The running back position is back to prominence in Green Bay once again, with head coach Matt LaFleur running the offense and developing the bulk of the scheme. In 2019, his first season on the job, the Packers’ running backs were key components of the team’s passing game, totaling 101 of the team’s 356 pass completions on the season and accounting for 853 receiving yards.
In 2020, the Packers look ready to exploit those players’ strengths once again, and the team put its backs’ receiving chops on display in its second training camp practice on Monday. In particular, rookie AJ Dillon, who was lightly used as a receiver in college, got extensive work catching the football, and he impressed in drills, making a good impression on his new head coach.
“(Dillon has) definitely demonstrated the ability to show those natural hands,” LaFleur told reporters after practice on a Zoom call. “He can reach and pluck it out in front of him.”
Despite 845 carries and over 4,300 rushing yards in three years at Boston College, Dillon caught just 21 passes for 236 yards. He and the Packers’ brass noted after the draft that this was primarily a function of the Eagles’ offense, however, as Brian Gutekunst noted that his Combine tape opened some eyes to some untapped receiving chops. LaFleur hopes to explore that more throughout training camp, adding “It’s about getting him that experience in practice and putting him in situations he can do it, and today he showed he can.”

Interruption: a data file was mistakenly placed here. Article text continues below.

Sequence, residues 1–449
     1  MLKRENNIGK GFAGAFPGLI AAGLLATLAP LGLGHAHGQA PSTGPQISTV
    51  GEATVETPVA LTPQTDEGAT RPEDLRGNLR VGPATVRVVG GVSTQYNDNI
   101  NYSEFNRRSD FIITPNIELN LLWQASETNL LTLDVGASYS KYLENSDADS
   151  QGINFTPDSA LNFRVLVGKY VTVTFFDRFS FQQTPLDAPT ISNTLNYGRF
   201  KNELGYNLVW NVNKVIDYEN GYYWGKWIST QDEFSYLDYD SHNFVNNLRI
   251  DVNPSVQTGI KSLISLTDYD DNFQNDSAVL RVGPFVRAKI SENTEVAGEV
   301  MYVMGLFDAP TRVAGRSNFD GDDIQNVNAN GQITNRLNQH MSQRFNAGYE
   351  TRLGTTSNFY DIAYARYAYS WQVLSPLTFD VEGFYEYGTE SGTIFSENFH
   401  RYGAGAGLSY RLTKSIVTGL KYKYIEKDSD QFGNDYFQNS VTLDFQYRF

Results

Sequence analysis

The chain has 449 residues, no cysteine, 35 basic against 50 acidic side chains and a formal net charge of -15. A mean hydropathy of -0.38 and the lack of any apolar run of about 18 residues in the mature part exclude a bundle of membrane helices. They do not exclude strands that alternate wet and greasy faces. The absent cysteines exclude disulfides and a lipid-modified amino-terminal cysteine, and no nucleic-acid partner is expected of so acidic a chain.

Another player whom LaFleur hopes to work into the offense is return specialist and all-around weapon Tyler Ervin, as the coach referred to him as both explosive and elusive. LaFleur noted that current offensive line coach Adam Stenavich held that same position at San Jose State when Ervin was playing college football there, and that the assistant has weighed in: “He’s been in our ear about what type of playmaker Swerve can be.”
For now, though, it’s a matter of finding out what Ervin’s best role is on offense: ‘We’re just gonna continue to try to give him opportunities to see what he can do,” LaFleur said. After Ervin worked primarily with the wide receivers in the opening practice on Saturday, he was back largely with the running backs on Monday, suggesting that the team will keep trying him all over to find where he can be most effective.
Meanwhile, LaFleur has also been impressed with an improved playcalling process so far in camp. Last season, the terminology seemed to be a challenge, as the Packers often ran the play clock down to its farthest extent. Through two practices, however, he’s happy with the early improvements in his offense’s understanding of the playbook: “Just getting in and out of the huddle, it’s night and day from where it was a year ago,” LaFleur said.
Finally, LaFleur noted that the Packers will put the pads on for the first time in camp for Tuesday’s practice.